Title: Modern Lovers
Author: Emma Straub
Pub Dates: US May 31, 2016 | UK June 30, 2016
If you are looking for an easy summer read – don’t be bother by my review. Because if you are looking for an easy breezy read for a beach – this is your choice. The story takes place during the summer, and it just adds this nice feeling to a summer reading. You might even find this book humorous, like the book blurb is trying to convince us, but don’t expect laugh-out-loud humour. Plus, the cover is a beauty and will coordinate with your swimsuit perfectly!
I finished this book so angry! And it’s not the good kind of angry that happens when you upset because author messed with your head and now you don’t know what to do with your life after finishing the book. It was the wrong kind of angry. The whole time I was being fooled into thinking that this life exists and that this book shows some deeper meaning into the life of family, that it demonstrates how life might look like when troubles appear. But there is no way that all the stuff that happened in the book could happen in real life like that. I refuse to believe it. And because of that, I felt cheated.
It is a lovely story that, as long as you won’t expect some more emotions and real life deep stuff, will lift you up. Because this is a charming novel and so many people would love it. I even loved it up to one point! It’s written amazingly; all the characters are more or less likeable with little flaws that just make them more human. The story is about two families that are neighbours in Brooklyn. There is Elizabeth, her husband Andrew and teenage son Harry, and Zoe, her wife Jane and her slightly older than Harry, daughter Ruby. Elizabeth, Zoe and Andrew went to the same university and at that time formed a bad Kitty’s Mustache. The fourth member of the band was Lydia that later became a superstar with a hit song ‘Mistress of Myself’ that was created by the band during theirs Oberlin years. Now Elizabeth is married to Andrew, and there are living next to Zoe that is married to a chef Jane. The story catches them all on the verge of marital crisis when they realise that life past so quickly and now they have children that are nearly grown up who start to have sex and lie to them.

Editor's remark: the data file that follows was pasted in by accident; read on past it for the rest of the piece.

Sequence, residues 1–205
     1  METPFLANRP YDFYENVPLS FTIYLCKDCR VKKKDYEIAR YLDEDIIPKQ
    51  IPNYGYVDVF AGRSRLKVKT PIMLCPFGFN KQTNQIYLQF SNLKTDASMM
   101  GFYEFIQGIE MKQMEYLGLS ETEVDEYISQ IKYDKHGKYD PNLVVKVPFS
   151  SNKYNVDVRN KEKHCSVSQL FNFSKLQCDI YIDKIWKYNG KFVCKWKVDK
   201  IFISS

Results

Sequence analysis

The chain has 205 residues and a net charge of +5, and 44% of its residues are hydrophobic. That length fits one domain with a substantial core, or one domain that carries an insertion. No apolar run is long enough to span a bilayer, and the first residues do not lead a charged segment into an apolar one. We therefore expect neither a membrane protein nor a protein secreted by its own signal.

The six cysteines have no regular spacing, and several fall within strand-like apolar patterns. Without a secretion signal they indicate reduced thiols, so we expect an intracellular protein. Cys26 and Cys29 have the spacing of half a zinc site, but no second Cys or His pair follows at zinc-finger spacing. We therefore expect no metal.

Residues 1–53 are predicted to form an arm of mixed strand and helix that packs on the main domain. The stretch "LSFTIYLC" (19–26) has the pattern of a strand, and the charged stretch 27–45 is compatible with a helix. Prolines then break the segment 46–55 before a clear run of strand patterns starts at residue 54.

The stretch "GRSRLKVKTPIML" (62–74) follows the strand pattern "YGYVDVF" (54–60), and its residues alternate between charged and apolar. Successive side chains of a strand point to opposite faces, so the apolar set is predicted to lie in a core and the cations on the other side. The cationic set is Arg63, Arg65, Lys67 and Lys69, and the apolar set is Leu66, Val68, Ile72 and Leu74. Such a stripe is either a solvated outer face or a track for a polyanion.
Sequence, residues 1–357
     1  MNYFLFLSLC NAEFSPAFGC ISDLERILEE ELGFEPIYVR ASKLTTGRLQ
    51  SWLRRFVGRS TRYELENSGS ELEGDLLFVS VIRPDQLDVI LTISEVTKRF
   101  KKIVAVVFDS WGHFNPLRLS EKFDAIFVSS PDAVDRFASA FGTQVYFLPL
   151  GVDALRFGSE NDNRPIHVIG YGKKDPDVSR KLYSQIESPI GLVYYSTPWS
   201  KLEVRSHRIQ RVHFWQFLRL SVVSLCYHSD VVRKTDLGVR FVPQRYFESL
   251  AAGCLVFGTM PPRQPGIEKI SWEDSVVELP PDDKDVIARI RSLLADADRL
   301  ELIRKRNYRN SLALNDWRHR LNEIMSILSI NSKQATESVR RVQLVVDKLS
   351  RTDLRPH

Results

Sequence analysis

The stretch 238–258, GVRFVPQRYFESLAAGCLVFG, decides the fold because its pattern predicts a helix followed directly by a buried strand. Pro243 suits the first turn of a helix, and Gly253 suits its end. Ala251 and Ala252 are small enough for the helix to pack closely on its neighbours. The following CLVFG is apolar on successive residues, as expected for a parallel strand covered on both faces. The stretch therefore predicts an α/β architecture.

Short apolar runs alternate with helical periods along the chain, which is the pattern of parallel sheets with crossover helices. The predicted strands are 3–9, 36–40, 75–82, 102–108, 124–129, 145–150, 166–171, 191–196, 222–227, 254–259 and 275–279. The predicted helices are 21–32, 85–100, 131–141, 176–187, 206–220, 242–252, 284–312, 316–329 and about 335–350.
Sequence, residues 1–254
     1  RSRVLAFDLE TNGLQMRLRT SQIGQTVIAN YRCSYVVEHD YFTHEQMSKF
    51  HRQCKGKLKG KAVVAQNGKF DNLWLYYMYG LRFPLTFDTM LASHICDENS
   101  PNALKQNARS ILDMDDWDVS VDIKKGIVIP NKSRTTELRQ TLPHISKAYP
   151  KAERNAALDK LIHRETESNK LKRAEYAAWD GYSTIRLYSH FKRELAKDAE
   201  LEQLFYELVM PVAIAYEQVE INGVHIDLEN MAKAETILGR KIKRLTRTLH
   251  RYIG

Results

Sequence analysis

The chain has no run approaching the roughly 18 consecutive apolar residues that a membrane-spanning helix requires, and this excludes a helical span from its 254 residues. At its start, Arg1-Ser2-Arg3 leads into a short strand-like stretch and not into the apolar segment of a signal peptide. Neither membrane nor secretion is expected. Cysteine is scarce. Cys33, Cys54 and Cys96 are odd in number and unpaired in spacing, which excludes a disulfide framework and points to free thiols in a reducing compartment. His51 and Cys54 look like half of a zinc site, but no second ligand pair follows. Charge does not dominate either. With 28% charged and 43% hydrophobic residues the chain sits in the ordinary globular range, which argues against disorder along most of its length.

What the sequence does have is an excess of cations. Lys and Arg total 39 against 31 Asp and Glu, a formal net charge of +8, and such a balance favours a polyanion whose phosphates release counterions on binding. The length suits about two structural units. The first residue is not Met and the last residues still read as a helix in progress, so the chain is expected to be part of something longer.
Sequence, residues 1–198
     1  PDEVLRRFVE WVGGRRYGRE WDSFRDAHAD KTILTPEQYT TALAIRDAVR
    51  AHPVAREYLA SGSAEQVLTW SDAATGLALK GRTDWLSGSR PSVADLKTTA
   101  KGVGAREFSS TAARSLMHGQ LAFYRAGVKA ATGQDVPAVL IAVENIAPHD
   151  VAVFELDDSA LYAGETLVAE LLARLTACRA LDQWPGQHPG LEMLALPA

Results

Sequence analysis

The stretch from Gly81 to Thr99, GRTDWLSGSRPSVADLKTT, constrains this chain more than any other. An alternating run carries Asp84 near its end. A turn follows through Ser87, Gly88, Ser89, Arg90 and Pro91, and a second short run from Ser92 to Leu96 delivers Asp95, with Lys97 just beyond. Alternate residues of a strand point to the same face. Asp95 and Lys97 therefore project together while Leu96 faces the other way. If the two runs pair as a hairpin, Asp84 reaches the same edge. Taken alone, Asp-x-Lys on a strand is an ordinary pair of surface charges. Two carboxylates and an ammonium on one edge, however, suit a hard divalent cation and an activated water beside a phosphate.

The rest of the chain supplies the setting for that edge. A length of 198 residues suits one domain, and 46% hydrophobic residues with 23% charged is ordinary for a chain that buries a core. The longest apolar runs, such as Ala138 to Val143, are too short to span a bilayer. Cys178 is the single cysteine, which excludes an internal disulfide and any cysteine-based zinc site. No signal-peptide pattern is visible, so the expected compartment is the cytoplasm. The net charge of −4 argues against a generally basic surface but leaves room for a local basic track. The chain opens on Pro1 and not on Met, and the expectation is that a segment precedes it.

“Parenthood is the only job that gets progressively harder every single year, and you never, ever, ever get a raise.”
The problem I had with this book is that all the problems are solved so smoothly, so smoothly that we are barely noticing that. The problems just solve themselves. It’s all so easy. I wish it were like that for all of us. There are problems that for most of the people will cause a huge financial struggle, but those families have it all easy, money is never the problem, even though that are portrayed as middle-class families. But they are not really, that have money behind them that is securing them.
I almost feel like marking this book as a fantasy… Overall it’s a very nice story, good as a summer read.